Writers Worth: How to Fake It as a Freelancer

I’ve already gushed about how thrilled I was that Princess Jones is in my freelance circle. A little more won’t hurt, though I am in danger of having the “stalker” label slapped on me.
Here’s the thing about Princess — she’s a professional. She writes incredibly, runs her business exceptionally well, and takes no prisoners when it comes to telling it the way it ought to be told. As witnessed by her guest co-hosting on The All Indie Writers Podcast, she’s fun, funny, and smart.
So when Princess tells you to fake it, it’s a good idea to listen. But like most freelancers, Princess knows how new freelancers should fake it. 

How to Fake It as a Freelancer

by Princess Jones
Recently,  I was a
guest co-host on The All Indie
Writers Podcast
. During the recording there was a lot of light
shed on some interesting topics. The first is that I sound like a cartoon
mouse. The second is that it’s hard for me to stay on topic. I am all over the
place. I’m quite random actually. And finally, that apparently I didn’t know
what “fake it ‘til you make it” meant.
I thought faking it until you make it meant borrowing
confidence, style, or a winning attitude until you feel like you’ve gotten
there on your own. Sort of like “dress for the job you want instead of the one
you have.” Putting on a well-made suit that you spent a month’s salary on
doesn’t mean you’re pretending to be the boss. You’re just letting everyone
know that you and the boss are cut from the same cloth.
But apparently I have misunderstood. Apparently it means
pretending like you’re an authority when you aren’t. Apparently it means
pretending you have experience that you do not have. Apparently it means coming
up with a personal history that does not exist in reality. None of these things
are OK so I can see why it’s gotten such a bad reputation.
It’s time to take back “fake it ‘til you make it.” And so, I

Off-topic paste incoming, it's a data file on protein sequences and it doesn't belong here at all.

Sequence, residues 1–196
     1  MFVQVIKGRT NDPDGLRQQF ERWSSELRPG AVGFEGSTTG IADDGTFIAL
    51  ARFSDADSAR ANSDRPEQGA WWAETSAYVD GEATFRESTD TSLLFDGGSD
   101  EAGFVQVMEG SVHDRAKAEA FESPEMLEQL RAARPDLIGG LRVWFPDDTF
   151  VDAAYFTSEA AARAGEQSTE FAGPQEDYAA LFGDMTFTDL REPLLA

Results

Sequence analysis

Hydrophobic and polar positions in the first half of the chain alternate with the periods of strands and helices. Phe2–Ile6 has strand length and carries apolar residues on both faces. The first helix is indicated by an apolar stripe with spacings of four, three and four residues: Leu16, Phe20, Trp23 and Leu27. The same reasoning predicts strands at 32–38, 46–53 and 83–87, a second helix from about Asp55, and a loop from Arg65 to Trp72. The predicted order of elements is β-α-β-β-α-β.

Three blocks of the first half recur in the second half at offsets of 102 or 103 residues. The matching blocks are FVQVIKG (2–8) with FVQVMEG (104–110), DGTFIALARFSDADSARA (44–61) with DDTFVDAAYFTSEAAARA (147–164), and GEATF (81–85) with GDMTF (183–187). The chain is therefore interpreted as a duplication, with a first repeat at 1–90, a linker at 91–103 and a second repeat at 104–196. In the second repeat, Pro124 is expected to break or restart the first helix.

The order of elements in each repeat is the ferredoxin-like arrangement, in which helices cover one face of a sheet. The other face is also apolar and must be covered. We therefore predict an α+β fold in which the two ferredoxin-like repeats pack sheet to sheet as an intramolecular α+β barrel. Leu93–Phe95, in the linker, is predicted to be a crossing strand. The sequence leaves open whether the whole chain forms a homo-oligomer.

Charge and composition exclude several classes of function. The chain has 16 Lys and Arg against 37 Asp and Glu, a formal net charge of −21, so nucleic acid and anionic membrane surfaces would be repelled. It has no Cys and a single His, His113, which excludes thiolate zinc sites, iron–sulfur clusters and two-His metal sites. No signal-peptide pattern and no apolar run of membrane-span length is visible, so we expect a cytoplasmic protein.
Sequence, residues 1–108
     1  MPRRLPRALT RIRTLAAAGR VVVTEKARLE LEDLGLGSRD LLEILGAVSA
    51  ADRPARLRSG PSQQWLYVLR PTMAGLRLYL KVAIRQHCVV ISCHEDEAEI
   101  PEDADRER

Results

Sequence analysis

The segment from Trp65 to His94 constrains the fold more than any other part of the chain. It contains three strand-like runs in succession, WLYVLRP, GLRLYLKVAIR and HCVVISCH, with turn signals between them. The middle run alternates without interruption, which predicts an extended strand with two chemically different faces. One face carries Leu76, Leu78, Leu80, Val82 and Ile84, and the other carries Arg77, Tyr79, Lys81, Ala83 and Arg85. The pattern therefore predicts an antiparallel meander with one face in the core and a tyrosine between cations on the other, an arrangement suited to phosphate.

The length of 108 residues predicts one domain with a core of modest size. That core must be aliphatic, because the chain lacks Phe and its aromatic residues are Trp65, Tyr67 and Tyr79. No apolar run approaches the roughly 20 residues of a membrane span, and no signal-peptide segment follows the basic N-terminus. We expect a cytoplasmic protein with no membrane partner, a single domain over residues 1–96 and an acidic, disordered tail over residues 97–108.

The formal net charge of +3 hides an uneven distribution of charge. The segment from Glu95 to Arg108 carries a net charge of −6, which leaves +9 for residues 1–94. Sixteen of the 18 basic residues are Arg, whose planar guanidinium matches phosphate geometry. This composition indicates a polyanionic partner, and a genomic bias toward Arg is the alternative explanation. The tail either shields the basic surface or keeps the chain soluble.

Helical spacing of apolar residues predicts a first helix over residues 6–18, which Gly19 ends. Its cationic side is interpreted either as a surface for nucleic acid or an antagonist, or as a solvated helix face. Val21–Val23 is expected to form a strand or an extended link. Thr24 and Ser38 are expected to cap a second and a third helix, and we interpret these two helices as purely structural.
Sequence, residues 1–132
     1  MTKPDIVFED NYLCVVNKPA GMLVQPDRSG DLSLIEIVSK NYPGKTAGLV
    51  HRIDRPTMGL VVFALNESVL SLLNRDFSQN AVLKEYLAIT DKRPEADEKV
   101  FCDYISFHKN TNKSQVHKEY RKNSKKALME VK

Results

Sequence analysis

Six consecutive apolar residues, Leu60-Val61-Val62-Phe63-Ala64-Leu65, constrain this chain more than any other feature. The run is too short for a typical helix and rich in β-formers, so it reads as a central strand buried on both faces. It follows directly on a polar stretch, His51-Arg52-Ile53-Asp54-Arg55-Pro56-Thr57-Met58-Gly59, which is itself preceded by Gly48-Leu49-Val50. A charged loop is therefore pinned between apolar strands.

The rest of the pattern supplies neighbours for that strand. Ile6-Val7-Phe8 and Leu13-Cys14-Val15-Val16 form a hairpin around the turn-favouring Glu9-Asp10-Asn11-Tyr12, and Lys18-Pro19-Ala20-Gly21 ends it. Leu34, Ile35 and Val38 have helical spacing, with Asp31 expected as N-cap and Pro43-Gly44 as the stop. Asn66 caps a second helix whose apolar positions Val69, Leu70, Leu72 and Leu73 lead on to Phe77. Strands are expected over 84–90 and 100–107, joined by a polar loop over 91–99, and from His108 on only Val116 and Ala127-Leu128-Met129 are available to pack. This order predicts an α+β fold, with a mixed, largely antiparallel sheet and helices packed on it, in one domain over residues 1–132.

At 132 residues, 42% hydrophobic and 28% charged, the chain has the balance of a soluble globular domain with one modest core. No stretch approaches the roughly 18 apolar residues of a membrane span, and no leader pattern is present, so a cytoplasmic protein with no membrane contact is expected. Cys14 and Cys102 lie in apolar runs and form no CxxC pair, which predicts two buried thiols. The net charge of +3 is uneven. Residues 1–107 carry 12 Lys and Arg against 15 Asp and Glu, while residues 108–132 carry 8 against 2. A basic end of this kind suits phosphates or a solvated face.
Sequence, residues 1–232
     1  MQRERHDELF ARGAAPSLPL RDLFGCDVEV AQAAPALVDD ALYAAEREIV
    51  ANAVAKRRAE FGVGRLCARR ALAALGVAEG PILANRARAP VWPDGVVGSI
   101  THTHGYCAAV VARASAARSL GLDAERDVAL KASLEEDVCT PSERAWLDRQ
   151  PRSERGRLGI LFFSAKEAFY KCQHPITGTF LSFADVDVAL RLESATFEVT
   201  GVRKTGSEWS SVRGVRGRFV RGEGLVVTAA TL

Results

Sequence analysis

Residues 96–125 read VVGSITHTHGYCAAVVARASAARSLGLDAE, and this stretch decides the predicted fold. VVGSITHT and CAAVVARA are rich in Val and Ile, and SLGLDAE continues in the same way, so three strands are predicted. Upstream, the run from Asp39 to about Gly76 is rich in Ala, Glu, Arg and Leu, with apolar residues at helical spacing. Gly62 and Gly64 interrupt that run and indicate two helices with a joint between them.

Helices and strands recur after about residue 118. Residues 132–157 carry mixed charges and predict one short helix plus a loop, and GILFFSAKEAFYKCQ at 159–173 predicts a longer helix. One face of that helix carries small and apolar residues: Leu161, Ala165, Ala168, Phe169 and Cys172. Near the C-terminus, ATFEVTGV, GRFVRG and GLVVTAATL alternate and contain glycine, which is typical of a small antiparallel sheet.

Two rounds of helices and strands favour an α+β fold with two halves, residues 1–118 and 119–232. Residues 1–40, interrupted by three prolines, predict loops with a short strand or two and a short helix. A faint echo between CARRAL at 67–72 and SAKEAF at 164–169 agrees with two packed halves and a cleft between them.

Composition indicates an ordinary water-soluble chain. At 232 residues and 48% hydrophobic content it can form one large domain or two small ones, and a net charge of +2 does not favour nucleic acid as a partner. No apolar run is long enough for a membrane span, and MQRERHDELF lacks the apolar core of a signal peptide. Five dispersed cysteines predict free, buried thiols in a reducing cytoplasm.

present to you a few things that OK for you to fake as a freelancer:
Confidence: Nobody
is confident all of the time. We all have inner anxiety about our work. That’s
OK as long as you don’t let it drive the bus. When I’m in need of some self
confidence, I read my testimonials or other nice things people have written
about me. Then I pretend to be the person those people are talking about, even
if I feel like she doesn’t exist.
Courage: Courage
is not the absence of fear but moving forward in spite of it. Even if you don’t
feel particularly courageous, you can just do what the people you admire would
do in the same situation. For me, that’s Batman. Whether it’s a new client
trying to nickle and dime me or the Joker busting up my writers’ group, I look
to him as an example of how to kick fear’s butt and make things happen.
Professionalism: Professionalism
is relative. What’s professional at a startup in someone’s garage is very
different from what’s professional at white shoe law firm. Even though I have a
one-person business that exists at my kitchen table, I project the
professionalism of one that has too much overhead and fancy letterhead. I do
that because it makes it puts people at ease to deal with someone who seems to
have their stuff together. I’m not faking a business–I am a business. That fact that I’m on this conference call in my
monkey pajamas eating jelly beans for breakfast is no one’s business.
Enthusiasm: I’m
introvert. All I want to do is stay at home, talk to my dogs, and play video
games. But I force myself to go out into the world for networking, prospecting,
and just my overall mental health. When I’m on the way to some function and I